Anyone happen to know the value of the resistor in the CR network connected in the synchronous motor feed ? Looks like brown - red - brown so 120 ohms, but it's well overheated and discoloured, with a nice burn mark right around the spiral element, right in the centre. Can't get a reading from either end to the burn point. Looks at a guess to be rated about 3 -5 watts. Anybody think of a reason *not* to use a wirewound rather than the original metal film type ?
No, but the RB300 is indeed a tonearm, rather than a turntable. There are PDF manuals on vinylengine.com for a bunch of Rega tonearms and turntables which might help identify what the deck actually is.
It's worth noting that the discussion on the page for the Planar 3 (which would be a plausible turntable to have an RB300 fitted) has some comments on replacement motor resistor values, with one comment suggesting 150 ohm 5%:
Well, sort of. I guess that the full deck is probably a Rega Planar 3, but definitely a Rega-original product. There is a "Grahams HiFi London" tested sticker on the bottom with a handwritten date of '86 on it. There is a manufacturer's label on the bottom also saying "rega Made in Britain" and "Rega Research Ltd"
To the best of my knowledge, it has always been used here in the UK.The motor is a synchronous type, 4 wire, and marked 110v 50Hz. Two grey wires go straight to mains neutral. Switched mains live comes back to a small (original looking) PCB in the motor compartment. It passes through the R in question to to the motor red wire. There is then a cap, 0.22u 400v polyester, between the red wire and the blue wire, so I guess that this RC combination is a phase shift / AC dropper so that the motor is happy at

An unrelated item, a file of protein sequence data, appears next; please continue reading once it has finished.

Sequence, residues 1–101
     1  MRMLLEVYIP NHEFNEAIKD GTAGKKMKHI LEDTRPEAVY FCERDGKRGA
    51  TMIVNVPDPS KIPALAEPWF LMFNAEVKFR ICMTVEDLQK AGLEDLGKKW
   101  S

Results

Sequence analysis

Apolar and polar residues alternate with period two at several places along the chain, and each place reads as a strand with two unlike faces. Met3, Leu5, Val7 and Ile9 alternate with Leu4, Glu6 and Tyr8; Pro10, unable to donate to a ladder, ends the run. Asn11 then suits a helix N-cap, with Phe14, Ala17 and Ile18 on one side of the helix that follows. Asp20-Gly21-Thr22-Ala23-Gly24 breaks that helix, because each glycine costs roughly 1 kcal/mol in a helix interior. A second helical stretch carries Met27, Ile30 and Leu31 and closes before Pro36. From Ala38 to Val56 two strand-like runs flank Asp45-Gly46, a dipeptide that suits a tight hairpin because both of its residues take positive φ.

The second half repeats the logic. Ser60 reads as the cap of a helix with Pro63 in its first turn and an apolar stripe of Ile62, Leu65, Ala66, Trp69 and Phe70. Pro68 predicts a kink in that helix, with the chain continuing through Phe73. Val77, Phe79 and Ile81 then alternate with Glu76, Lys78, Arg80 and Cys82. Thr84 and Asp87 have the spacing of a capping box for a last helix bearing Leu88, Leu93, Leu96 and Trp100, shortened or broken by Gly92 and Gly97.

240v. There is no indication on any of the labels as to the voltage specs, but the fact that it is a 50Hz synchronous motor single speed deck, and also that the mains lead is absolutely original and coloured blue and brown, would suggest that this was built for use in europe on 50Hz mains of at least 220v ??
Thanks Adam. It is indeed a Planar 3. I had in fact already been on that site, and seen the reference to the 150 ohm resistor. I suppose it's possible that there might be more than one value having been fitted over the life of production, because given 40 odd years of looking at burnt and discoloured resistor stripes, I definitely would not have said that the middle one was originally green, but who knows ? (well, hopefully someone on one of these groups does ! ) I was pretty sure that the first two were brown and red for 1- 2 - something. I was just concerned that if the final band was red, or even orange, I didn't want to be putting 120 ohms in there ...